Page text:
At its most basic, a trust is a relationship whereby property is held by one party for the benefit of another. A trust is created by a Settlor, also referred to as a Grantor or Maker, who transfers property to a Trustee. The Trustee holds that property for the trust’s beneficiaries. The beneficiaries may be current and/or future beneficiaries and may be an individual, a charity or organization, or even the family pet.
Once upon a time, trusts were predominantly used by wealthy families to control the family fortune and to pass it down through the generations without incurring taxes. Those days are long gone. In fact, trusts are now found in the average estate plan given how user-friendly they are and how versatile they are. While high net worth individuals do still utilize trusts with great frequency, individual’s with a modest estate can also now benefit from incorporating a trust into their estate plan as well.
A trust is formally created using a written legal document called a “trust agreement.” The trust agreement reflects the terms of the trust as created by the Settlor. Though you probably do not ever think about it, you likely enter into oral trust agreements all the time. For example, if you asked a co-worker to hold a package for you while you are on vacation and give it to your niece when she arrives from out of town, you have created a trust wherein you are the Settlor, your co-worker is the Trustee and your niece is the beneficiary of the trust.
Trusts are broadly divided into two categories — living trusts and testamentary trusts with the former activating during the lifetime of the Settlor and the latter typically being activated at the time of the Settlor’s death by a provision in the Settlor’s Will. Living trusts can be further sub-divided into revocable and irrevocable living trusts while a testamentary trust is always revocable because a Will is always revocable. As the names imply, a revocable trust is one that can be modified or revoked by the Settlor at any time and for any reason whereas an irrevocable trust cannot be modified or revoked, once activated, by the Settlor.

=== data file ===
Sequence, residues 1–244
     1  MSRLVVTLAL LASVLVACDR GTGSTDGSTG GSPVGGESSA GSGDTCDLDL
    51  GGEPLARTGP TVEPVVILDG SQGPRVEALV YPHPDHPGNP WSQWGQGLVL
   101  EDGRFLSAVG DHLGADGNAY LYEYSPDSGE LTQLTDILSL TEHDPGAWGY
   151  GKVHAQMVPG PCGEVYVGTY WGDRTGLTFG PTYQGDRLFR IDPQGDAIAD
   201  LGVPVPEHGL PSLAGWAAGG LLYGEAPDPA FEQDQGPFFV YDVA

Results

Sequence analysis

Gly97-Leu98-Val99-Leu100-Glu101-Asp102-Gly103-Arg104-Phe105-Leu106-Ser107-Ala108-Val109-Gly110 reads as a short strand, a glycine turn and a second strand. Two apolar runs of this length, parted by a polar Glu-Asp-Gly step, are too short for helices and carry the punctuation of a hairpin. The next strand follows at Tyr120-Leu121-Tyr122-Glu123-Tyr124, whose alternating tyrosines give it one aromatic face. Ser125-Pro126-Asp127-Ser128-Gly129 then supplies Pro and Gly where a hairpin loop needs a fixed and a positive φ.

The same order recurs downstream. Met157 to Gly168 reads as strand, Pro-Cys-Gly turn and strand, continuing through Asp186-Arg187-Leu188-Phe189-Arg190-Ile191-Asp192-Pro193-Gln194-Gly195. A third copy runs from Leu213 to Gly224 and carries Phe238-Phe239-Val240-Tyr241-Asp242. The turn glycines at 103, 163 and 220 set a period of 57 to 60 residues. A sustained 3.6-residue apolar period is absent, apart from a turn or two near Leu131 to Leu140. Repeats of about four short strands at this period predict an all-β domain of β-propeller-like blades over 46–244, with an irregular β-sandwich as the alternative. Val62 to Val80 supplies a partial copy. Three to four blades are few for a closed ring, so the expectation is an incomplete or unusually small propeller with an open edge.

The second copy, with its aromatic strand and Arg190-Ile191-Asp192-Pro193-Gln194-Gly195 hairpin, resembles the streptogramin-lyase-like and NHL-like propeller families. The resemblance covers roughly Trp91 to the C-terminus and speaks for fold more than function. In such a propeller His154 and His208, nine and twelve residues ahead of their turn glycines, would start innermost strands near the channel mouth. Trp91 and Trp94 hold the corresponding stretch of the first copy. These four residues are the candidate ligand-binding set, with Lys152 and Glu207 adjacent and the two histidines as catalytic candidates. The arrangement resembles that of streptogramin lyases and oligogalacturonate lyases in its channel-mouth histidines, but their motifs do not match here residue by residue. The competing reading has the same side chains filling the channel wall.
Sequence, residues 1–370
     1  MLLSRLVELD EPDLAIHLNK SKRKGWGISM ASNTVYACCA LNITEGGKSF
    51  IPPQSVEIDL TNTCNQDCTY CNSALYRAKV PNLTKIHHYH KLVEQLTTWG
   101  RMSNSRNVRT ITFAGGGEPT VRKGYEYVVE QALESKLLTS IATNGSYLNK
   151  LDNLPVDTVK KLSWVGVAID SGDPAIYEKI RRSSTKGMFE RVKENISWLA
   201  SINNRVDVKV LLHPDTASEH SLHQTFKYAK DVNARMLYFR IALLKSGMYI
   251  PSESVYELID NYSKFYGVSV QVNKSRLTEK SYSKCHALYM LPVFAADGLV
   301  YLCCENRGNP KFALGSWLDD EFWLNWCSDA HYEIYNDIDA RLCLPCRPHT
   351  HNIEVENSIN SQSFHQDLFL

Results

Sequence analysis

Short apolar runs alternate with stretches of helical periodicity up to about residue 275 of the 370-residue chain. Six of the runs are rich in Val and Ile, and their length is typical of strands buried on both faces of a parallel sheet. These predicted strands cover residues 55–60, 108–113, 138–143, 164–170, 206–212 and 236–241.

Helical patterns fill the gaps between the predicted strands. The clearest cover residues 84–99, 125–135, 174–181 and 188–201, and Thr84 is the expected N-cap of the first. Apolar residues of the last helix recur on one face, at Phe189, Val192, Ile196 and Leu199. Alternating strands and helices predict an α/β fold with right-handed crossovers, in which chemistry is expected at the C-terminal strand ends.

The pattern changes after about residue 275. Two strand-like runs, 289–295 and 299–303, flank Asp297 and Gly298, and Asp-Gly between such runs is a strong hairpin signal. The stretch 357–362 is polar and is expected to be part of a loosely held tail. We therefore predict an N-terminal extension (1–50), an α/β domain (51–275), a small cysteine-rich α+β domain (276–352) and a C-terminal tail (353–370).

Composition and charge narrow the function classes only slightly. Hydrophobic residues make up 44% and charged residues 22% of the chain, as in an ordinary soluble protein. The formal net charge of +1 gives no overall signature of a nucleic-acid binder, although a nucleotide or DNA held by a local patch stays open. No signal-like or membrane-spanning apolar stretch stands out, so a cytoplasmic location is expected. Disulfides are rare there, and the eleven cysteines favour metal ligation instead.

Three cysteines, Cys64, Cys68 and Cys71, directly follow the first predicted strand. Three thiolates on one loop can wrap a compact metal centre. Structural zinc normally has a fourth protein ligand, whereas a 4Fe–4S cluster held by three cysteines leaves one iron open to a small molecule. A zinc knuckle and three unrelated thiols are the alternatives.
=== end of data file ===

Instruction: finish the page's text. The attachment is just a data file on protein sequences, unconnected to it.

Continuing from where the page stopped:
One of the most important decisions a Settlor must make when creating a trust is who to appoint as the Trustee. In fact, a common mistake people make is appointing a spouse or close friend as Trustee without taking the time to consider if that individual has the experienced and/or skills to successfully serve as the Trustee. Sometimes, appointing a professional Trustee is the better choice. The overall job of a Trustee is to manage and invest trust assets and to oversee the administration of the trust. Generally, the reason behind appointing the wrong person as Trustee is a lack of understanding of the numerous and varied duties and responsibilities of a Trustee, such as:
- Following all trust terms unless they are illegal or unconscionable.
- Communicating with beneficiaries.
- Resolving disputes among beneficiaries.
- Investing trust assets using the “prudent investor” standard.
- Managing trust assets.
- Distributing trust assets.
- Keeping trust records.
- Preparing and filing trust taxes.
- Defending the trust against legal challenges.